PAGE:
6/16/2007 – *New York Times* includes an article: “In the Classroom,
a New Focus on Quieting the Mind” by Patricia Leigh Brown.

Here’s the article:

The lesson began with the striking of a Tibetan singing bowl to induce
mindful awareness.

With the sound of their new school bell, the fifth graders at Piedmont
Avenue Elementary School here closed their eyes and focused on their
breathing, as they tried to imagine “loving kindness” on the playground.

“I was losing at baseball and I was about to throw a bat,” Alex Menton,
11, reported to his classmates the next day. “The mindfulness really helped.”

As summer looms, students at dozens of schools across the country are
trying hard to be in the present moment. This is what is known as
mindfulness training, in which stress-reducing techniques drawn from
Buddhist meditation are wedged between reading and spelling tests.

Mindfulness, while common in hospitals, corporations, professional
sports and even prisons, is relatively new in the education of squirming
children. But a small but growing number of schools in places like
Oakland and Lancaster, Pa., are slowly embracing the concept — as they
did yoga five years ago — and institutions, like the psychology
department at Stanford University and the Mindfulness Awareness Research
Center at the University of California, Los Angeles, are trying to
measure the effects.

During a five-week pilot program at Piedmont Avenue Elementary, Miss
Megan, the “mindful” coach, visited every classroom twice a week,
leading 15 minute sessions on how to have “gentle breaths and still
bodies.” The sound of the Tibetan bowl reverberated at the start and
finish of each lesson.

The techniques, among them focused breathing and concentrating on a
single object, are loosely adapted from the work of Jon Kabat-Zinn, the
molecular biologist who pioneered the secular use of mindfulness at the
University of Massachusetts in 1979 to help medical patients cope with
chronic pain, anxiety and depression. Susan Kaiser Greenland, the
founder of the InnerKids Foundation, which trains schoolchildren and
teachers in the Los Angeles area, calls mindfulness “the new ABC’s —
learning and leading a balanced life.”

At Stanford, the psychology department is assessing the feasibility of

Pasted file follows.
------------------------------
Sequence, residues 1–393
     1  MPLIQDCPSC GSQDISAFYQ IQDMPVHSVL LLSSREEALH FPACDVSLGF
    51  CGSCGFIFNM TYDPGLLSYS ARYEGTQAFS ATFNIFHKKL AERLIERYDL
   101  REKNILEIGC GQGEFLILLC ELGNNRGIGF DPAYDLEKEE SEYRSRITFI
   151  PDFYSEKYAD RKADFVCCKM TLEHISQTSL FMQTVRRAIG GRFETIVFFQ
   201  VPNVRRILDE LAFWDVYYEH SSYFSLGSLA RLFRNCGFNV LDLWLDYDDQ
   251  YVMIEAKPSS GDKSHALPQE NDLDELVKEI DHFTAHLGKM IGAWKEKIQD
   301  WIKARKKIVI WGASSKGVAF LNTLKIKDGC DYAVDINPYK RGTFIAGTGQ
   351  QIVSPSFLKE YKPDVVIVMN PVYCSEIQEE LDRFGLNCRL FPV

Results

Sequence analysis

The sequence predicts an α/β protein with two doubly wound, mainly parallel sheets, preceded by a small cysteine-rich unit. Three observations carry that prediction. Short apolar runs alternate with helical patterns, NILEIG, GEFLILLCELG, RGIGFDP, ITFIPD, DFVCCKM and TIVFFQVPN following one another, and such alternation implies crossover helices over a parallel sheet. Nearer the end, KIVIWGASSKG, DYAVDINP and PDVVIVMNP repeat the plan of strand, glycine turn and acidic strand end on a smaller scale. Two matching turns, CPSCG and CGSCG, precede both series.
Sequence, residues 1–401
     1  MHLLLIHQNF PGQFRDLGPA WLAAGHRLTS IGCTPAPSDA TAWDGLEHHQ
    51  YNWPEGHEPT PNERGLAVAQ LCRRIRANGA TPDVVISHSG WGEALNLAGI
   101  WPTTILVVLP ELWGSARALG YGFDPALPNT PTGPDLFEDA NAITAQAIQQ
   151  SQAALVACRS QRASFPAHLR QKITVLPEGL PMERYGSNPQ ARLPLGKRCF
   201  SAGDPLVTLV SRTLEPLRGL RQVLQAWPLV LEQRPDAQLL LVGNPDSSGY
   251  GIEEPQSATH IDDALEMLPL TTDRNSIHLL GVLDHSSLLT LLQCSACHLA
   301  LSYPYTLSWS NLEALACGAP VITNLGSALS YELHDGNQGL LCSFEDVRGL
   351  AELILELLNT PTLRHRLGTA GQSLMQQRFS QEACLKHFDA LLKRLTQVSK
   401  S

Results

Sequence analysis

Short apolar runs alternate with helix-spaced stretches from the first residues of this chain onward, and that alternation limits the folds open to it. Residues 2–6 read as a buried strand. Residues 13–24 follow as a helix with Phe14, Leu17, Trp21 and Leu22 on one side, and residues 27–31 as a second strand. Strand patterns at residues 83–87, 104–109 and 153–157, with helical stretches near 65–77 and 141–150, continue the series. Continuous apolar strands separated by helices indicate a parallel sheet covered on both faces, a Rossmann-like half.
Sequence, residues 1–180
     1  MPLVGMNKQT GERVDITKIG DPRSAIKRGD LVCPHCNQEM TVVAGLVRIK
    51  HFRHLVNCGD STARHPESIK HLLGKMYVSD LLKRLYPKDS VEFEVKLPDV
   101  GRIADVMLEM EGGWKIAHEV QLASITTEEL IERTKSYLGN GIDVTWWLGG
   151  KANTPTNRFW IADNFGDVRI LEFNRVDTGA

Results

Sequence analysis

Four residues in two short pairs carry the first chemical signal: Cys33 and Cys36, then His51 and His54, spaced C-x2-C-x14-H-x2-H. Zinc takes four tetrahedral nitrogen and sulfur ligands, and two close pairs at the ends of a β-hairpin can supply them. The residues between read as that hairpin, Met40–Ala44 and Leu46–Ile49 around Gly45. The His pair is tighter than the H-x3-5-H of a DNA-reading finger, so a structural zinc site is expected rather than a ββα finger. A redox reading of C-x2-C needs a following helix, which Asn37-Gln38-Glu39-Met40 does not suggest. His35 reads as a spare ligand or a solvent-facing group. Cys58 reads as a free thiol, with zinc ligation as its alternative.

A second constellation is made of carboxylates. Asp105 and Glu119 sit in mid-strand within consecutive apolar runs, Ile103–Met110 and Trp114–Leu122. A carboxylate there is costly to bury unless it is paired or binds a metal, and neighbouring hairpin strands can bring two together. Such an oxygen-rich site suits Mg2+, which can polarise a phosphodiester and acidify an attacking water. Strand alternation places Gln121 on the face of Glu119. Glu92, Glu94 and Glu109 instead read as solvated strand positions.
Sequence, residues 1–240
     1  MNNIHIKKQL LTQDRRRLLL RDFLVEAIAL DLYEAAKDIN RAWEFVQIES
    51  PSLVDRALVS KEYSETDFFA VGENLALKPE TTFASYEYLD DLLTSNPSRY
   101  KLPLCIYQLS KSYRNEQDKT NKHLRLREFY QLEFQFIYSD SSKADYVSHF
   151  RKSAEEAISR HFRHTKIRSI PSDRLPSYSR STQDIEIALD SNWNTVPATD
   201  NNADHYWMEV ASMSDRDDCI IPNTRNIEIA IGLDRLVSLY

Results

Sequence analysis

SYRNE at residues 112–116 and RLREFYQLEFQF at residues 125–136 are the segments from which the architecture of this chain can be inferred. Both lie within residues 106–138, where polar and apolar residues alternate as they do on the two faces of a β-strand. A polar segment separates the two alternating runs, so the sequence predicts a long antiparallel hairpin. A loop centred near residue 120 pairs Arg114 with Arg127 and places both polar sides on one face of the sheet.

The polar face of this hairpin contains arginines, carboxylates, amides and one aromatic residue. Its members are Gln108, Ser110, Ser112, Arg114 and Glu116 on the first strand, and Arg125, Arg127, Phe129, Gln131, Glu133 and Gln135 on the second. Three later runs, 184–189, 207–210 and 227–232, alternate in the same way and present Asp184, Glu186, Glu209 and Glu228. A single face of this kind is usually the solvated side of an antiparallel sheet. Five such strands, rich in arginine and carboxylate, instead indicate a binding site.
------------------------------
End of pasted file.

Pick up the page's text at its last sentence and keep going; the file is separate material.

teaching mindfulness to families. “Parents and teachers tell kids 100
times a day to pay attention,” said Philippe R. Goldin, a researcher.
“But we never teach them how.”

The experiment at Piedmont, whose student body is roughly 65 percent
black, 18 percent Latino and includes a large number of immigrants, is
financed by Park Day School, a nearby private school (prompting one
teacher to grumble that it was “Cloud Nine-groovy-hippie-liberals
bringing ‘enlightenment’ to inner city schools”).

But Angela Haick, the principal of Piedmont Avenue, said she was
inspired to try it after observing a class at a local middle school.

“If we can help children slow down and think,” Dr. Haick said, “they
have the answers within themselves.”

It seemed alternately loved and ignored, as students in Ms. Graham’s
fifth-grade class tried to pay attention to their breath, a calming
technique that lasted 20 seconds. Then their coach asked them to
“cultivate compassion” by reflecting on their emotions before lashing
out at someone on the playground.

Tyran Williams defined mindfulness as “not hitting someone in the mouth.”

“He doesn’t know what to do with his energy,” his mother, Towana Thomas,
said at a session for parents. “But one day after school he told me,
‘I’m taking a moment.’ If it works in a child’s mind — with so much
going on — there must be something to it.”

Asked their reactions to the sounds of the singing bowl, Yvette Solito,
a third grader, wrote that it made her feel “calm, like something on